Should you buy or rent a house in Switzerland?

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Should you buy or rent a house in Switzerland?

We are currently in the process of buying a house. Since I shared this fact on the blog, I have been asked several times whether people should buy or rent in Switzerland.

So, I wanted to share my thoughts on the buy or rent subject. I am going to go over the different considerations about buying and renting houses in Switzerland.

While I am going to speak specifically about houses, most of it also applies to apartments. But since we are looking for a house, I am more familiar with the market for houses.

There are some differences between the markets for houses and apartments. But most of the same points will also apply to the question of buy or rent an apartment in Switzerland.

Your primary house is not an investment

While real estate can be a good investment, you should not consider the house you are living as an investment.

In some cases, you will make money on it. But you should not buy a house to live in to make a good investment. You should buy the house you want to live in. In most cases, you will not make any money by purchasing the home you are living in.

Buying to rent is another entirely different story. I will not cover real estate investment here. If you compare buying to live in and buying to rent or investing in the stock market, your house will be a bad investment. But it could save some money, which is different.

Now, just because it is not an investment does not mean you should not consider the financial aspects of buying vs renting. We will delve in these factors as well in this article.

Renting is easy

Sometimes, you will have some trouble finding an apartment to rent. But overall, it is much easier than buying a house.

When you are buying, you will have to go through many painful steps. You will have to do several meetings with the bank. You will have to provide many documents to both the bank and the real estate agencies.

If you are lucky, you will get the first house you made an offer. But if you are not, you will need to make offers for several houses. Then, you will have to wait for answers from agents and owners, and that can take time and be very stressful.

Once your offer has been accepted, you will still need to sign a reservation contract and then sign the notary contract. All of this will take time and requires several meetings.

We are happy we are buying our house, but the process of buying a house is definitely not enjoyable. In the buy or rent dilemma, renting is definitely easier.

Buying will require more work

When you own your house, you will have to pay for everything that goes amiss.

On the other hand, when you are renting, and there is an issue, you generally call the building managers, and they take care of the problem.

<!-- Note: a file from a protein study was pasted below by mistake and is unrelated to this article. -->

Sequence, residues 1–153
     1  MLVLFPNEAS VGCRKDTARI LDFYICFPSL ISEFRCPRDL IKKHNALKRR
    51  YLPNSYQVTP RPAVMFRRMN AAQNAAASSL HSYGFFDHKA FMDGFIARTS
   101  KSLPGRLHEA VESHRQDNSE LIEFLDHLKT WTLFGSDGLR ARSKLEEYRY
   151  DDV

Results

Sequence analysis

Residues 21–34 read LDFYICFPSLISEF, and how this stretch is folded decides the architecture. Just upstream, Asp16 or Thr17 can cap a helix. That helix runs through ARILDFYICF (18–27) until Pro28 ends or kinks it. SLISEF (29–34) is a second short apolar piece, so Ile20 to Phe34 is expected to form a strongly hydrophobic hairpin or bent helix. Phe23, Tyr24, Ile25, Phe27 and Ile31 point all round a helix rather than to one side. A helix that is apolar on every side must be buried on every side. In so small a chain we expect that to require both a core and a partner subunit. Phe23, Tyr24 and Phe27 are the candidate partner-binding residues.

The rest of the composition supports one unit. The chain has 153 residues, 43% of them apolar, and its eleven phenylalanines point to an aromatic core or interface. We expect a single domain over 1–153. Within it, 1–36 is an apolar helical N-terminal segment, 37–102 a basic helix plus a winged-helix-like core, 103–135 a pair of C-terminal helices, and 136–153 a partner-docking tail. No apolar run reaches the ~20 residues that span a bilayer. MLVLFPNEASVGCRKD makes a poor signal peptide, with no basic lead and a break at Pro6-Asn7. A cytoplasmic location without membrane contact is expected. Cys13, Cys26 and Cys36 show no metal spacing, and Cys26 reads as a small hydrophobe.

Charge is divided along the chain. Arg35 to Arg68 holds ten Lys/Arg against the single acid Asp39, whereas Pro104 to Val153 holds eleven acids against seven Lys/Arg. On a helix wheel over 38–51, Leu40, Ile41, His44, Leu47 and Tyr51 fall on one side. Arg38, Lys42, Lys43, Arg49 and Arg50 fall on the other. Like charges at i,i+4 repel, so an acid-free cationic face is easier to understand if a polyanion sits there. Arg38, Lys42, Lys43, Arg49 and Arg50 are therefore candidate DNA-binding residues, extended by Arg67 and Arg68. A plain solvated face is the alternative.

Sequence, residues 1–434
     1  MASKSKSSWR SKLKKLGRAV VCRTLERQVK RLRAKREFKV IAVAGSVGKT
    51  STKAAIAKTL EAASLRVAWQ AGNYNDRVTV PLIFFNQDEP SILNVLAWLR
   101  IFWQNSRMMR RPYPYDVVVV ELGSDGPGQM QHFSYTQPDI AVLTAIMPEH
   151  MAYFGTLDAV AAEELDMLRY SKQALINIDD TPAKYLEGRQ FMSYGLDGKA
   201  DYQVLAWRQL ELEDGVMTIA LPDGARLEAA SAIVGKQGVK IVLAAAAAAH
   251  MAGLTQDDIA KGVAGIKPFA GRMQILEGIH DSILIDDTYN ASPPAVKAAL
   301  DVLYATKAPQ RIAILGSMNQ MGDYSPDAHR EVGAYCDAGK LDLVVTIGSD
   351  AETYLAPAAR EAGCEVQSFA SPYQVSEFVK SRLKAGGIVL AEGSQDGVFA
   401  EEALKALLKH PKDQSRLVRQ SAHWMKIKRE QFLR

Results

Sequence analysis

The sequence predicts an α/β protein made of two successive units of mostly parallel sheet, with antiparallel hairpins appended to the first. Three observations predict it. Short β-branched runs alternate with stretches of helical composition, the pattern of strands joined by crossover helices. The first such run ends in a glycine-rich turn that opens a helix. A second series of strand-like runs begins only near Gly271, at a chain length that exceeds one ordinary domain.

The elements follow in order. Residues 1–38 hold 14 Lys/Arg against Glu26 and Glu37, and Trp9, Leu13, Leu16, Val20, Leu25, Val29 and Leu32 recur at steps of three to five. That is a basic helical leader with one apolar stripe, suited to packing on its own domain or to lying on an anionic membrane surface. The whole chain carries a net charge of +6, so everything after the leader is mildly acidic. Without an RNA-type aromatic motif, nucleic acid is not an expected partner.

If you have an issue when you own, you will need to call a professional (finding a good one may not be easy) and get them to come and fix the issue. And of course, you will have to pay for the work.

And you can expect to do more things yourself as well if you are a bit of a handy-man. You will need to take care of trees and plants if you have any.

So, overall, this will be more work for you if you are living in your own property than if you were renting.

You have more freedom with your property

When you are renting, you will not live in your property. It means you cannot change things in the house.

If you want to repaint the walls, you will have to ask permission from the owner. If you want to take down a wall, you will probably never be able to do that unless you buy a property.

So, if you want to live into your property and change it to your wants and needs, you will need to buy a property.

You just need to remember that even if you own a house, the bank also owns a large part of it. It means you cannot do everything you want with the house unless you pay the entire mortgage.

Another advantage in the same subject is that you do not have an owner that can decide not to renew your lease. This makes it easier to have long-term plans for your future. Of course, if you run out of money, your bank could force you to sell. So, it is not all that good either. Now, if you are living well within your means, this should not be an issue.

Houses are not available to rent

In some cases, you will not have a choice to buy or rent a house. In many regions of Switzerland, it is challenging to rent a house. There are some houses to rent, of course. But so very few of them that it is tough to find one to rent.

It is the case for us in the region of our choice. In our selection, we have found only two or three houses that met our requirements. On the other hand, we have more than ten that were available to buy.